Starlink is using the SpaceX Falcon 9 rocket to deliver a huge system of satellites into earth’s orbit, where they’ll connect and provide internet. Unlike traditional satellite internet services, though, Starlink promises some exciting innovations, including much lower latency than historically available from satellite providers, and is already delivering to a small number of customers through its beta program.
However, customers aren’t the only ones to have noticed. Competing providers like Amazon, Hughesnet, OneWeb, and more have begun putting more pressure on the Federal Communications Commission (FCC) and their regulations to keep Starlink from gaining too much of an advantage.
It’s fascinating. We’ll explain how Starlink works, how reliable the bandwidth is, and who SpaceX plans to connect to the internet with its services.
Starlink is a satellite constellation that provides broadband-level internet access. With this new service, SpaceX’s goal is to provide high-speed, low-latency broadband internet connections to parts of the planet that are traditionally underserved, like rural areas, and to theoretically offer more competitive pricing in urban spaces.
Customers connect to the satellites via a relatively small satellite receiver they install at home. These satellite terminals — the newest versions of which were approved by the FCC in November 2021 — can be installed anywhere there is an open view of the sky. Most people find that mounting it high up, either on a mast or on the top of their house, provides the best service. (You can find the best location for your equipment by using the Starlink app, which is available for both Android and iOS.)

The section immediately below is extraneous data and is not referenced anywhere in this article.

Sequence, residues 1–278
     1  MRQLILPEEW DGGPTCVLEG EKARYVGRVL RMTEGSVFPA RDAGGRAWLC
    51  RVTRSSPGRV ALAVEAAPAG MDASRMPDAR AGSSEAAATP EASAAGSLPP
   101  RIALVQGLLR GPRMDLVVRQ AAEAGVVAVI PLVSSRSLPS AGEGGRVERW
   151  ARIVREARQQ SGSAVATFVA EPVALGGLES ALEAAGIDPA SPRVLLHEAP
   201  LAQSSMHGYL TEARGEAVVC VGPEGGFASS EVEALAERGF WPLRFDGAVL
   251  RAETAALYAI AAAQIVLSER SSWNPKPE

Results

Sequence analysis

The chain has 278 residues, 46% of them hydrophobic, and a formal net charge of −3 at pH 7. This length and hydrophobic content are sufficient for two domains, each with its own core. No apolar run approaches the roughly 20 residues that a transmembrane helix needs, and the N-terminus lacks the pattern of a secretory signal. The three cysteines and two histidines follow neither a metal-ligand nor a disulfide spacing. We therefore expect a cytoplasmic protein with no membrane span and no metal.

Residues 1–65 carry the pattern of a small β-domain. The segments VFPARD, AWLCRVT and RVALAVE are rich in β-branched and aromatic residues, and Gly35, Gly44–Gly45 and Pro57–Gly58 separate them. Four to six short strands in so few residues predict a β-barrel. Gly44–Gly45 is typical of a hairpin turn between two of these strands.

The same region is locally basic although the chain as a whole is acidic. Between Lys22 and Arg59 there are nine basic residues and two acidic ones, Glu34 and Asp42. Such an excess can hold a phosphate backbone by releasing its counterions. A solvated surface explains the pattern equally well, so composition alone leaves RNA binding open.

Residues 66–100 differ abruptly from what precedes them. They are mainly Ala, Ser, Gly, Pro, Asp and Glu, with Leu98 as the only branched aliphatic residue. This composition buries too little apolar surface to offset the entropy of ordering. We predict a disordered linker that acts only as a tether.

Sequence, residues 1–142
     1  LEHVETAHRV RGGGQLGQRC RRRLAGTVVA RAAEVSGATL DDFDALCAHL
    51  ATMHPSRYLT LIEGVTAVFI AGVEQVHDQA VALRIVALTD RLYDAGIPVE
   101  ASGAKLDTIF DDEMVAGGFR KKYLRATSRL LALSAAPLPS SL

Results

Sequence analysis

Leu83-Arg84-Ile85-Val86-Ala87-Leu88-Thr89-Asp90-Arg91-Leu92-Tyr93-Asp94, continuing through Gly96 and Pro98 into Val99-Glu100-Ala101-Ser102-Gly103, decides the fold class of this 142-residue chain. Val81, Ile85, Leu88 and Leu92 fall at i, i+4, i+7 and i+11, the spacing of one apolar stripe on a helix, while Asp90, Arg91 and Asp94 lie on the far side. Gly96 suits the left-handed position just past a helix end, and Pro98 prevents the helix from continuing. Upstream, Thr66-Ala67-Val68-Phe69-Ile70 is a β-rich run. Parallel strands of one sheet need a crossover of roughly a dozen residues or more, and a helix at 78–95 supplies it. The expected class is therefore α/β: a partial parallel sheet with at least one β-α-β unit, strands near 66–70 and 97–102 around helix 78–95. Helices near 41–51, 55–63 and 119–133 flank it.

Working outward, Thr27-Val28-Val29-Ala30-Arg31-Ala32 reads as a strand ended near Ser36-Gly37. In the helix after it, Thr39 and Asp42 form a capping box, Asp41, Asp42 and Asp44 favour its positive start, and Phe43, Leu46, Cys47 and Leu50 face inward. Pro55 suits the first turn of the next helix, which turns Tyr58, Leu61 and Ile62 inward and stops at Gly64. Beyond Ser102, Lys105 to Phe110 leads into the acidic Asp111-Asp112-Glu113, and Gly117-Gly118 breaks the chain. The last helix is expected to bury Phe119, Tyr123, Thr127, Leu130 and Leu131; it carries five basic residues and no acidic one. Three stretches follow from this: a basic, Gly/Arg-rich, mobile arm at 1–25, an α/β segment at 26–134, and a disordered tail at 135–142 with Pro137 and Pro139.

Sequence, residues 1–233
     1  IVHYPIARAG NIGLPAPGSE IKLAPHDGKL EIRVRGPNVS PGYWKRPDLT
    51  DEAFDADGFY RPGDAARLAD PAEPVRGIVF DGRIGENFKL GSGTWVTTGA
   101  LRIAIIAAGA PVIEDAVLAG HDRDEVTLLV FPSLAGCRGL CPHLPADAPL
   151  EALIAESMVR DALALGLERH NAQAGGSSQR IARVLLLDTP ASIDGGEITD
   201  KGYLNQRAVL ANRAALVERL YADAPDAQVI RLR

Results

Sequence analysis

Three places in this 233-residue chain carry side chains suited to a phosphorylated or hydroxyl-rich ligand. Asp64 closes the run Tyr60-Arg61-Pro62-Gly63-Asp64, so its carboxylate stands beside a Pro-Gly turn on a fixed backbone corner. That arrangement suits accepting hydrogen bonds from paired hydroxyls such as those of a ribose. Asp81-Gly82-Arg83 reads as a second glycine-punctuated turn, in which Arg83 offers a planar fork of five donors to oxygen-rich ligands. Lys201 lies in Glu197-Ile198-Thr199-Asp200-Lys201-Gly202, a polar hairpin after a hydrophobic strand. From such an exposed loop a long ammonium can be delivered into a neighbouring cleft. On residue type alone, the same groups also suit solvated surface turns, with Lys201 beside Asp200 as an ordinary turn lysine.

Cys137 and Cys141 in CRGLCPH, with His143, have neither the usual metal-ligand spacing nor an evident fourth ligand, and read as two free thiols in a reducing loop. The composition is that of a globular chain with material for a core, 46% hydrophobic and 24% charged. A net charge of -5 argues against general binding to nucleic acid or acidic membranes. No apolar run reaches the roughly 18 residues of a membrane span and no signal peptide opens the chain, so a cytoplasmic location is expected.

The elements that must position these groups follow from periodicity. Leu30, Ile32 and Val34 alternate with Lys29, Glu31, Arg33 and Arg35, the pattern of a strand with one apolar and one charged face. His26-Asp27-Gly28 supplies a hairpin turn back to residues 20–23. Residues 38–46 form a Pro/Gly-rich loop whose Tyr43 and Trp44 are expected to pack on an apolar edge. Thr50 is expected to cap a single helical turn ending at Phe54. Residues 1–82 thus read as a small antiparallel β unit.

Starlink was originally announced by SpaceX CEO Elon Musk (of Tesla renown) in 2015. Since then, the program has launched close to 2,000 satellites, with more planned. In the end, Musk wants to have several thousand satellites circling in low Earth orbit to communicate with all of Starlink’s ground transceivers.
Who can get Starlink now?
Before you rush to your computer to order Starlink, you’ll want to know that it isn’t available everywhere. The company is still working to get enough satellites launched to provide global coverage.
Currently, Starlink is offering their “Better Than Nothing Beta” service — a name picked to remind customers that they’re still launching satellites and occasional outages will occur. The beta test is available to customers in:
- United States
- United Kingdom
- New Zealand
Of course, that doesn’t mean it’s available in the entirety of those countries. Starlink limits its service area to certain areas, so you’ll need to enter an address in order to validate the Starlink can serve you.
If you’re interested, you can sign up for their preorder list.
How much does Starlink cost?
With its current beta pricing, eligible customers can get Starlink internet service for $99 a month. There is also a one-time, upfront cost for equipment of $499. The equipment includes a base for the satellite dish, the dish, and an integrated Wi-Fi router.
That may seem expensive, but it’s actually incredibly competitive compared to traditional satellite providers. And, for much faster speeds.